The aim of co-creation is to create shared ownership with your stakeholders.

Why co-create?

Co-creation enables you, as a heritage professional, to collaborate with and learn from new audiences. A co-creation process can enable your organisation to find a connection between groups that would normally not meet; to raise awareness and sensitivity towards important issues and to build relationships between groups and individuals that exist well beyond the scope of a project. Co-creation is hands-on and creative by nature, its aim is to create shared value – together with your stakeholders.

Find out

How to get started: toolkit

Contribution, collaboration, co-creation, participation: no one model is better than the others or a progressive step towards a model of “maximal participation. But until you try things out, co-creation remains a bit of a black box for a lot of people. To design how you want to work with your stakeholders, we have developed a brainstorm toolkit that lets you playfully explore what it means to work in co-creation. The kit facilitates a structured brainstorm with your team and helps establish the scope of your ambition. The toolkit will be available soon, you can sign up now to keep informed.

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Case study

Europeana 1914-1918

“Connecting one grandfather’s experiences in France to another’s in Germany, soon shows people how much both are alike.” Ad Pollé, Europeana

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Case study

Rijksstudio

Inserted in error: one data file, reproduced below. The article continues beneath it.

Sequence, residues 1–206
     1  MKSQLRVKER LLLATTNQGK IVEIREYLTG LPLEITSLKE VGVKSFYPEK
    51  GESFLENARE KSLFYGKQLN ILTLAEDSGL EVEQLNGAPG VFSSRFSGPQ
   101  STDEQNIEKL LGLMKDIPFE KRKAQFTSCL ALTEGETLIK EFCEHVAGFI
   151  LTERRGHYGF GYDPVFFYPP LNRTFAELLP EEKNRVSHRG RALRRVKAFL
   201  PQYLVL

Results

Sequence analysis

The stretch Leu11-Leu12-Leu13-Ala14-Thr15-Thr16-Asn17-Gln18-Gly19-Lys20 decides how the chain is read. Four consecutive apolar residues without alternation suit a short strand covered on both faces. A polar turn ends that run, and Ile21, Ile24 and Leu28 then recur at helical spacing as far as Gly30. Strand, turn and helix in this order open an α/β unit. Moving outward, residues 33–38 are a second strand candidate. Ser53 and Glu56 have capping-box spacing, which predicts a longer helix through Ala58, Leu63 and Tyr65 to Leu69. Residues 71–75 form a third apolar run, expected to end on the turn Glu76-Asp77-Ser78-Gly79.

“For us digital tools are just tools that will help us reach a larger audience and allow them to be creative and connect to the collection.” Peter Gorgels, Rijksmuseum

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Case study

Young Curators, Digital Design and the Living Archive

“Creativity and ‘making’ are used as methods to relate to a historical collection in a way that opens up new conversations.” Jenny Siung, Chester Beatty Library

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Riches Interventions

“Transfer of the experiences to the larger organisation within the museum and making the relationship with young people sustainable is an important next step” Wayne Modest, Museum of World Cultures

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Panna's & Akka's

“Our connection to visitors, our storytellers, is very personal. It is about listening to them. It is about getting engaged. When you talk about heritage you also talk about voices, about who is speaking.” Danielle Kuijten, Imagine IC

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meSch

“In a multidisciplinary project consortium such as meSch, which includes technology developers, designers, academics and heritage professionals, it is important to find a common language and understanding of (technical) possibilities early on in the project.” Dick van Dijk, Waag Society

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West Side Stories

“Not having everything thought out in advance meant that there was room to improvise, listen to feedback and be flexible to wishes from and developments within the neighbourhood. We were able to adjust strategies as we went along.” Lisa Kleeven, Foam

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Planting the Future

“The aim of these sessions was to find new ways to connect the knowledge about plants and biodiversity to the needs of diverse audiences.” Dick van Dijk, Waag society

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Oramics to Electronica

“Eventually the exhibition portrayed a different story from that which the Science Museum would normally tell in their exhibitions.” Merel van der Vaart, Science Museum

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Re:make the museum– Derby Silk Mill

“Our curators’ professional knowledge of an object was only one part of the story, because the public’s own perception of their local history, their own interests and their emotions regarding the items were hugely relevant too.” Hannah Fox, Derby Silk Mill

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